From Belvedere to Bethlehem

If there's one thing that became clearer to me when I last visited the Hit FM studios, it's the fact that, if you're lucky enough, or in the right position to be so, you will know someone who lives in Merville. Kelly put it differently, actually - "everybody lives in Merville," she said. For one, she lives there, much to my surprise - I thought only my uncle lives there. In the past two years I found out that Mon does, and Toni does, and probably Y2K does, and probably Veia does, and probably Sir Mariano does, too!

The world shrinks when you find something in common with the people you encounter with. Suddenly the distance you initially encounter shrinks to nothing once you know where to go and what to do with it. Groups are formed, cliques are formed, stereotypes are formed - all because of that one thing in common. Wonder no more as to why I'm stereotyped as, well, such.

You can call Merville a small community, even if it really takes long to get yourself around. I once walked from the second gate to my uncle's residence - from one side of the subdivision to the other. Despite that, though, you'd never know who knows who - my uncle knows my thesis adviser, and my cousins know my closest friend who's into psychology. Much like most communities, hopefully, people find something that would eventually, ideally, foster cooperation and closeness among them. I think it's because of that something in common - in the case of a village, as the cool folks put it, it's either the address, the gross income, or something else.

But I don't really have to look further for an example than my beloved batch itself. For the past three years, chances are, I know someone, who knows someone, who knows someone, who knows someone, who knows someone, who knows me. Although there wouldn't really be much of a surprise when you realize it, since we're all just seven hundred people in the batch, and we've probably seen everyone unless we've decided to live under a rock.

Humanly speaking, it's easy to form bonds. I shouldn't be denying it - I've found people that, miraculously, have something in common with me. I might be too demanding, but yes, there are people out there that hopefully nobody has snatched away from you. I don't really have a group like most regular - I almost said normal - college students. It would have been fun though - you'd have guaranteed conversations, connections after college, and you won't have to battle for a partner in anything. Most of the time they will just come to you.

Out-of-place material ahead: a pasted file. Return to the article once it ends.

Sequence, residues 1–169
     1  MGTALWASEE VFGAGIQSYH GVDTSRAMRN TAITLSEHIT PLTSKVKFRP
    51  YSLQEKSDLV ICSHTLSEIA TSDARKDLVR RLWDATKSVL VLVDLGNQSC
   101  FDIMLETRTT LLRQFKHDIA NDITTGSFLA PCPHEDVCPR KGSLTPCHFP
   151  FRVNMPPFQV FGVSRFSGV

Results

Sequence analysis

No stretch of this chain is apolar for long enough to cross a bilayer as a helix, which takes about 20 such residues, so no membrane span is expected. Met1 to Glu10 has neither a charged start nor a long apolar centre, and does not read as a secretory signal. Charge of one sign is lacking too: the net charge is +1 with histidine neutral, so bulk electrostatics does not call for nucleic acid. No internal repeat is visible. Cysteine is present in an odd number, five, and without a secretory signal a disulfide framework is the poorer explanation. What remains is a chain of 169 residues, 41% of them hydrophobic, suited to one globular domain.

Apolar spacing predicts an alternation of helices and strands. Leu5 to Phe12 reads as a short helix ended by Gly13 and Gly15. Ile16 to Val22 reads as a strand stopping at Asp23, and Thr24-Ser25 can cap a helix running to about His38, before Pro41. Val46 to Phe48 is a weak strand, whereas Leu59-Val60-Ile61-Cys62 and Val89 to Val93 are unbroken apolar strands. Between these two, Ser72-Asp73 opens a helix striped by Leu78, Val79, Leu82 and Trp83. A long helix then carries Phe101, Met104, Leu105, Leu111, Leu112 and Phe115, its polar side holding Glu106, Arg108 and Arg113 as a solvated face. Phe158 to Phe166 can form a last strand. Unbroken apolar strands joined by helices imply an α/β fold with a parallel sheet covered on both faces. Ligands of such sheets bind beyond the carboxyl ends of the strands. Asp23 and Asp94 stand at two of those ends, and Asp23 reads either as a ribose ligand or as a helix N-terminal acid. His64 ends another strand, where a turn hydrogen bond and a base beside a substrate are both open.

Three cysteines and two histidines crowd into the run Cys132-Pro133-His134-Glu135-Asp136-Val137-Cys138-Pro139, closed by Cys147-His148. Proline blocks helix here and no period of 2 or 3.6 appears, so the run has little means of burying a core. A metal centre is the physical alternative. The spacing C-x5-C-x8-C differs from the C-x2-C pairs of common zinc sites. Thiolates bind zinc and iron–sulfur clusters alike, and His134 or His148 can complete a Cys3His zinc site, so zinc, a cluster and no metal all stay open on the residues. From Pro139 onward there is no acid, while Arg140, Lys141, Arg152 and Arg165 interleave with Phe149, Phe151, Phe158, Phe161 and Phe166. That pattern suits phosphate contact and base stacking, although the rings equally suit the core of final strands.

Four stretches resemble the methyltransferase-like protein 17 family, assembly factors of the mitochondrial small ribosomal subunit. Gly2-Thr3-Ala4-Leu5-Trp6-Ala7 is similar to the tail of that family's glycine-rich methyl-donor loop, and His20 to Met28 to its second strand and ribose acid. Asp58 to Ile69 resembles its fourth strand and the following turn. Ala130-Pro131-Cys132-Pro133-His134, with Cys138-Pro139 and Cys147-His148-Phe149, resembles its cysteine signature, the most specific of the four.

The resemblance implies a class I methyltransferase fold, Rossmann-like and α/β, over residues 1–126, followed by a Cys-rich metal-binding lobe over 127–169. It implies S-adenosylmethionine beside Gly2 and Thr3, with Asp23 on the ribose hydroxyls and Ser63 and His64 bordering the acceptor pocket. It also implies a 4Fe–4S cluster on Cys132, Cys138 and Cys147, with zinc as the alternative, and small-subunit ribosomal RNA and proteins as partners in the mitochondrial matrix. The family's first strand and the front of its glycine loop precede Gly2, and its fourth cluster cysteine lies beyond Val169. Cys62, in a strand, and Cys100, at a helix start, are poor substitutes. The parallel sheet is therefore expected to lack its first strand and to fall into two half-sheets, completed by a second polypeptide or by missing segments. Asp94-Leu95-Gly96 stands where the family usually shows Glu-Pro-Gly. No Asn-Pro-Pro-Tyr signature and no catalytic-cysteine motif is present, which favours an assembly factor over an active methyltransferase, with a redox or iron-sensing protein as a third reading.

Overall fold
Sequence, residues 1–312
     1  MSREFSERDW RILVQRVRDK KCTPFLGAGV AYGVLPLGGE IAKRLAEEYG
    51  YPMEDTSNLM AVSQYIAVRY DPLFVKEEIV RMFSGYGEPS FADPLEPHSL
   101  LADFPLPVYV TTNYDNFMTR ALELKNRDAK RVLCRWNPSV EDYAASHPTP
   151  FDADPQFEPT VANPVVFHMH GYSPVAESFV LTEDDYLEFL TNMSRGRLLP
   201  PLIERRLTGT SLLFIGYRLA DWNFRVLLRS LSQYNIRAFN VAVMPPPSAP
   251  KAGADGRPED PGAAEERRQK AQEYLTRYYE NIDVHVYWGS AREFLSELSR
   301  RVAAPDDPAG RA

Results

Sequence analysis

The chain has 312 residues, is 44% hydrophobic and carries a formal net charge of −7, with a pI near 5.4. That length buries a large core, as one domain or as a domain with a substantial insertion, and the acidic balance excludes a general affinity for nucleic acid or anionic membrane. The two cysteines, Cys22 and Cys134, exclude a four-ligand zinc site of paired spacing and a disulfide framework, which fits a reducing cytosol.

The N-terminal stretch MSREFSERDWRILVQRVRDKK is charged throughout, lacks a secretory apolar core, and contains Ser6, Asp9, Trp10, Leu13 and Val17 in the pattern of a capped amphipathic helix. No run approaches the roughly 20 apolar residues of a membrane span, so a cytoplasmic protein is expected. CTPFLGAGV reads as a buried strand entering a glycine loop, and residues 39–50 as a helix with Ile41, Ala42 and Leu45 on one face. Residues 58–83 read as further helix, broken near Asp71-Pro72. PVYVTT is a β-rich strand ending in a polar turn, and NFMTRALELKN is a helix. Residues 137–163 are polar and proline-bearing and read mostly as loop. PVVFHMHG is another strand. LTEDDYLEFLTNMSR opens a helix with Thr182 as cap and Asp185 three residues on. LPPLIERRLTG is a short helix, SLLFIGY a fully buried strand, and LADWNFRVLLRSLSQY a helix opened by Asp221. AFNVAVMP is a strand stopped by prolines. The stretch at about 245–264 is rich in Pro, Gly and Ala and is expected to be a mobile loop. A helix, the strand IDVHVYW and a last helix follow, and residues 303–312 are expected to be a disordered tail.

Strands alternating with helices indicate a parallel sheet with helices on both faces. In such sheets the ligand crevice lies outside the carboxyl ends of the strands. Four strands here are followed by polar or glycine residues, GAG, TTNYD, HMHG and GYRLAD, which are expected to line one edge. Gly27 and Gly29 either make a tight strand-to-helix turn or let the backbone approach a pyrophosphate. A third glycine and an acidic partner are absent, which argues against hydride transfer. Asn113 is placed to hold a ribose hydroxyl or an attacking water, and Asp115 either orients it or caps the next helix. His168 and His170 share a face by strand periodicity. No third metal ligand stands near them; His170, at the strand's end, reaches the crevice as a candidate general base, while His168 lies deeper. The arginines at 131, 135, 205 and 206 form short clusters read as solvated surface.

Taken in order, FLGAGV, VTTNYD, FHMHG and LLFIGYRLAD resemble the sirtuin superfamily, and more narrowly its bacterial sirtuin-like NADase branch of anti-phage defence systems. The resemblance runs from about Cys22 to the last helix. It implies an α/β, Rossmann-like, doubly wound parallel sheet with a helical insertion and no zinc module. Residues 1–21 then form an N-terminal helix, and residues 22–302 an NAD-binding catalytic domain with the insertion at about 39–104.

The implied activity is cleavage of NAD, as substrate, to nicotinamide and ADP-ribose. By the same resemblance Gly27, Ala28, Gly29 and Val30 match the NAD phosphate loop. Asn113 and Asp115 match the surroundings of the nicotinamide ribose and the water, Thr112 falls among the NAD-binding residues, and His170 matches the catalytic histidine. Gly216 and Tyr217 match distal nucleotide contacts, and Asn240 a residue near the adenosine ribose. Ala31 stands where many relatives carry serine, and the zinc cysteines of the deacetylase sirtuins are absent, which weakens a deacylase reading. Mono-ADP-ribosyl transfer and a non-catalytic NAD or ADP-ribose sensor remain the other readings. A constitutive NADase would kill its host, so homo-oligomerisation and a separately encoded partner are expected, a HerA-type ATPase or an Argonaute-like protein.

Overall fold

Blame me, but I also think the world is looking for some sense of exclusivity. We want something that we can call ours - thus the news always has an exclusive on a rescue attempt or a caught snake. That bond that people share? It becomes exclusive, too. In the worst case, groups become so caught up in their common factors that the criteria becomes too strict, or you just can't relate to the point that they laugh at you. I think that's a downside to human nature - we just couldn't let anybody in, and even worse, we just want to be one with someone, in some way, and to get that we would break anything down. Or otherwise. Whatever.

It's basically being cool, or being uncool. Friendster was so five minutes ago, some would say. MySpace didn't really catch on here, but now almost everybody's on Facebook. People are convincing me - or I've asked them to do so - but my primary argument is this: I don't really have to, and my dad's on it too, which is freakier. It goes around that way - everybody finds a new bond, and when it becomes too saturated it breaks, and people will find a new one. Vicious cycle, and people are bound to get left behind.

Eventually I wonder why we fuss over this. Already I got lost just by trying to explain to myself why these things make the world go round. Is it my desperation to still find a group, just to appease my fragile (and bruised, maybe) ego? Or is it just my teenage tendencies - if I still have them, or ever had them - raging in me to belong? Exclusivity already brings trouble - if you lose it you might lose your way - but the opposite has its faults, too. And if I left the studios with my mind playing on farfetched possibilities, then this must be a twisted, crazy world.

But my world is getting smaller, so I can't stop myself from observing things. Oh, the idiosyncrasy. That walk from Belvedere to Bethlehem is a long one, indeed.

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